‘Putin wants to kill more’: Grim warning from politician poisoned and locked up by Russia

Russian president Vladimir Putin announced on Tuesday he has authorised Russian troops to fight abroad, raising fears that a wider invasion of Ukraine is imminent. (Getty Images)

A high-profile Kremlin critic has made a series of extraordinary remarks about Vladimir Putin following Russia's decision to move troops into Ukraine in a move that Western leaders say amounts to an invasion.

Outspoken opposition figure Alexei Navalny, currently serving a three-and-a-half jail sentence in Russia, likened the president to a "drunken grandfather" and accused him of wanting to "kill".

Navalny, a lawyer and anti-corruption activist who survived a suspected assassination attempt, has previously organised large demonstrations against Putin calling for reform against corruption in Russia.

Read more: Boris Johnson announces 'barrage of Russian sanctions' after Putin sends troops in Ukraine

"Putin and his senile thieves from the [Russian] Security Council and United Russia are the enemies of Russia and its main threat, not Ukraine and not the West," Navalny said on Twitter.

"Putin kills and wants to kill more."

Navalny referred to a meeting of the Security Council on Monday, where officials made unsubstantiated - and at times outlandish - claims which served as a precursor to Russia's military escalation.

Accusations included suggesting Ukraine is developing nuclear weapons, and that it is committing a genocide in eastern Ukraine.

 Consideration of the appeal against the decision of the Simonovsky District Court and the hearing of the criminal libel case against Alexey Navalny in the Babushkinsky District Court. Russian opposition leader Alexei Navalny during a court hearing.
February 20, 2021. Russia, Moscow
Photo credit: Anatoliy Zhdanov/Kommersant/Sipa USA
Russian opposition leader Alexei Navalny during a court hearing, February 20, 2021. (PA Images)

The opposition leader also described Putin's almost hour long speech on Monday evening - in which he appeared to lay out some of his reasons for invasion - as "truly insane".

Navalny's comments are especially stark given his history with Putin, whose regime has designated him as an extremist. In 2020, Navalny blamed Putin after he was poisoned with the Russian nerve agent Novichok.

His poisoning is not the first time vocal critics of Putin have been targeted; Russian defector Alexander Litvinenko was poisoned with plutonium in London in 2006, and in 2018 Sergei Skripal - a former Russian military officer and double agent for the UK - and his daughter were poisoned with Novichok in Salisbury.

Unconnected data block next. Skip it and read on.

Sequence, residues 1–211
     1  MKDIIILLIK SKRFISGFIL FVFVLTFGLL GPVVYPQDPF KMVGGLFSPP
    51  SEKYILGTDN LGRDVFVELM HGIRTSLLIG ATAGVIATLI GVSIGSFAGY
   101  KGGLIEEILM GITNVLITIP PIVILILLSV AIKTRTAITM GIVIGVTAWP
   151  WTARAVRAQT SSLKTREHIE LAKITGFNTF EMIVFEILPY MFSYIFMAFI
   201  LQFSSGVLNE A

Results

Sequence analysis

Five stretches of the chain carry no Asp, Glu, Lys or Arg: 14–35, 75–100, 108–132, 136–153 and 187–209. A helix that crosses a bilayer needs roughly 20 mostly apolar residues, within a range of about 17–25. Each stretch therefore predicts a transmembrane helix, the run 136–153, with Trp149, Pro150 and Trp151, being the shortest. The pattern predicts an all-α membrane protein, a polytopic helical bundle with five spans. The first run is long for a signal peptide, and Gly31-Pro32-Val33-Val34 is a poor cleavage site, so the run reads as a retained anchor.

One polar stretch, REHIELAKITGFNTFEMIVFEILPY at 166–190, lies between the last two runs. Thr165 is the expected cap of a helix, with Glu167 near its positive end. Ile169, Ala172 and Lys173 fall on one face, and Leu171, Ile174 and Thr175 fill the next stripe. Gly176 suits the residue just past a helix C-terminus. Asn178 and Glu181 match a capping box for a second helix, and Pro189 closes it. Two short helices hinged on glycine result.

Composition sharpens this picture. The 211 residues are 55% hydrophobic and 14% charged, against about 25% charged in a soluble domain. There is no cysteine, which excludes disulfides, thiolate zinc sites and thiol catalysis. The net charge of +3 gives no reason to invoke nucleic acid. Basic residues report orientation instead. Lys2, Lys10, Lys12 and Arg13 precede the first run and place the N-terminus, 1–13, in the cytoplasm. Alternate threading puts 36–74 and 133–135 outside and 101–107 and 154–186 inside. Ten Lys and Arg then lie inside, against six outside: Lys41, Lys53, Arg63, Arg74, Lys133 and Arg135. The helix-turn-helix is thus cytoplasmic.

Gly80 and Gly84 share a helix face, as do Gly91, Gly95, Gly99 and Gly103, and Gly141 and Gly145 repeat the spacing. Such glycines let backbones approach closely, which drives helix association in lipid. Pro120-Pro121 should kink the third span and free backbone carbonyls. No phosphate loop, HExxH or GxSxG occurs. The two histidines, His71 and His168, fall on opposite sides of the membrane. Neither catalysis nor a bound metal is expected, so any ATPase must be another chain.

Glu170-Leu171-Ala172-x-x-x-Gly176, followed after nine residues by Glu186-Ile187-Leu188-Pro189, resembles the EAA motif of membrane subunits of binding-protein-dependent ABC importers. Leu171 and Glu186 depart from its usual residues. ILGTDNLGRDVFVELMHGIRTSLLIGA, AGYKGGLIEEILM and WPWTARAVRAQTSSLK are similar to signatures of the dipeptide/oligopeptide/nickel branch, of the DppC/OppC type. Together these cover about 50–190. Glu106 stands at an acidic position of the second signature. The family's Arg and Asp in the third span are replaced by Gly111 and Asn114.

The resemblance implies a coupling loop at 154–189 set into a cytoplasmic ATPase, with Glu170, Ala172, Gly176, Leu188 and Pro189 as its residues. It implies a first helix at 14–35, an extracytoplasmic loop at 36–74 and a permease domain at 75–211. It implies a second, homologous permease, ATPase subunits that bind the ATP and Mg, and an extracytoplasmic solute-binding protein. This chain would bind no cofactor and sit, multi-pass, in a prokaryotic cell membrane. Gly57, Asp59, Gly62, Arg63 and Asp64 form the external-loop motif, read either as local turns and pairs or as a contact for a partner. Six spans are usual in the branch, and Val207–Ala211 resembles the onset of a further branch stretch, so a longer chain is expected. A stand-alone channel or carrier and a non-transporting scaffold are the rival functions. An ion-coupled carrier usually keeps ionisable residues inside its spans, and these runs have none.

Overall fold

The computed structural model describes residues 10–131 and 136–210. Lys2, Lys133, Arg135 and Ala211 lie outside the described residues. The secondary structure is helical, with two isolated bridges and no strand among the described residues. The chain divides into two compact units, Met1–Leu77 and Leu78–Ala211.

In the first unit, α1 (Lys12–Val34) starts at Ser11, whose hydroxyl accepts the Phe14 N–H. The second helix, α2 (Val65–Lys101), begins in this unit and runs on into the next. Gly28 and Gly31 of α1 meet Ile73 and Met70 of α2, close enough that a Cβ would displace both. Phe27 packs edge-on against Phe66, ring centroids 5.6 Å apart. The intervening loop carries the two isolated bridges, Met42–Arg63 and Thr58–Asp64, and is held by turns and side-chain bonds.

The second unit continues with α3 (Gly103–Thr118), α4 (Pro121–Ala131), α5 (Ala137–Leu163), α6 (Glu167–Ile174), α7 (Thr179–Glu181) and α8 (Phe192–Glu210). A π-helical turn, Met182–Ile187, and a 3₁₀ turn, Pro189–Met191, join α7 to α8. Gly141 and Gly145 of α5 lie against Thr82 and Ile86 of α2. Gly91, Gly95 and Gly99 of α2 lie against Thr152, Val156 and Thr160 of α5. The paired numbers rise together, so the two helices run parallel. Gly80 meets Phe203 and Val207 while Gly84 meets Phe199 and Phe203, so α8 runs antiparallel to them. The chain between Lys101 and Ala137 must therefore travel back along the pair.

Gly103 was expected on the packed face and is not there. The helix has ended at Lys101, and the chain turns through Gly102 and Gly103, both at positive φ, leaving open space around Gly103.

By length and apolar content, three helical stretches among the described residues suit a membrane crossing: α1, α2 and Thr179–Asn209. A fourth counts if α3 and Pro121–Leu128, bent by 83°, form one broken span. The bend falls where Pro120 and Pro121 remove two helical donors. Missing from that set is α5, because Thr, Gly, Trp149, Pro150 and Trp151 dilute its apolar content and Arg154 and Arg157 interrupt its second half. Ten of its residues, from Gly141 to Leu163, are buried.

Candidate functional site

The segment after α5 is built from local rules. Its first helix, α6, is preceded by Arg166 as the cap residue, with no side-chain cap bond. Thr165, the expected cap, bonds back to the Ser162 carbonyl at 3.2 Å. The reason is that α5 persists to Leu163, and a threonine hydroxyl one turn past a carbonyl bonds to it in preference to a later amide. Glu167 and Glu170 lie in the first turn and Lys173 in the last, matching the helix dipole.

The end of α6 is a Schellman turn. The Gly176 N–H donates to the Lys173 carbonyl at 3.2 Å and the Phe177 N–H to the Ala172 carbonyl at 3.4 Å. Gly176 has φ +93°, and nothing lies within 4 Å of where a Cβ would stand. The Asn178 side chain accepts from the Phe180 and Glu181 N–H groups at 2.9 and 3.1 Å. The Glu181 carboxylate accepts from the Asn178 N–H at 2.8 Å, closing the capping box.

In 2015 a public inquiry found that Putin was likely to have ordered Litvinenko's poisoning, and in 2019 a spokesperson for then prime minister Theresa May said there was "irrefutable evidence" Russia was responsible for the Salisbury poisonings.

Read more: Ministry of Defence posts map of how Putin could invade Ukraine on Twitter

Navalny was also imprisoned by Putin when he returned to Russia after receiving treatment for the poisoning in Germany in 2021, after Russia claimed he had to serve a historic suspended sentence for fraud. Navalny rejected the justification, saying it was manufactured; his imprisonment was condemned by the European Court of Human Rights.

He faces a further 15 years behind bars on embezzlement charges in a trial many have said is politically motivated.

"Thanks to Putin, hundreds of Ukrainians and Russian citizens may die now, and in the future, this number may reach tens of thousands," Navalny continued on Tuesday.

"Yes, he will not allow Ukraine to develop, he will drag it into the swamp, but Russia will pay the same price."

 A woman holds a placard saying One for all and all for one during the demonstration.
Rallies were held in the largest cities of Russia in support of the opposition leader Alexei Navalny, who was sent into custody after returning to Russia from Germany on suspicion of evading the control of the FSIN. The actions were accompanied by arrests on an unprecedented scale. (Photo by Mihail Tokmakov / SOPA Images/Sipa USA)
A woman holds a placard saying 'one for all and all for one' at rallies in Russia in support of the opposition leader Alexei Navalny who was sent into custody after returning to Russia from Germany, January 2021. (PA Images)

Navalny's remarks come as the West moves to sanction Russia in an attempt to encourage de-escalation.

However Putin announced on Tuesday afternoon that he has authorised troops to fight abroad - which could pave the way for a broader attack.

Boris Johnson confirmed five Russian banks are set to be sanctioned by the UK along with three "very high net worth" Russians.

Read more: Russia-Ukraine cyberattacks risk ‘spillover effect’ to the U.S. and other world powers

Elsewhere, Germany took the dramatic move to halt Nord Stream 2 - a highly controversial gas pipeline between Russia and Germany which would have created greater dependence on Russian gas.

Watch: Putin critic Alexey Navalny faces prison term extension at Russian correctional colony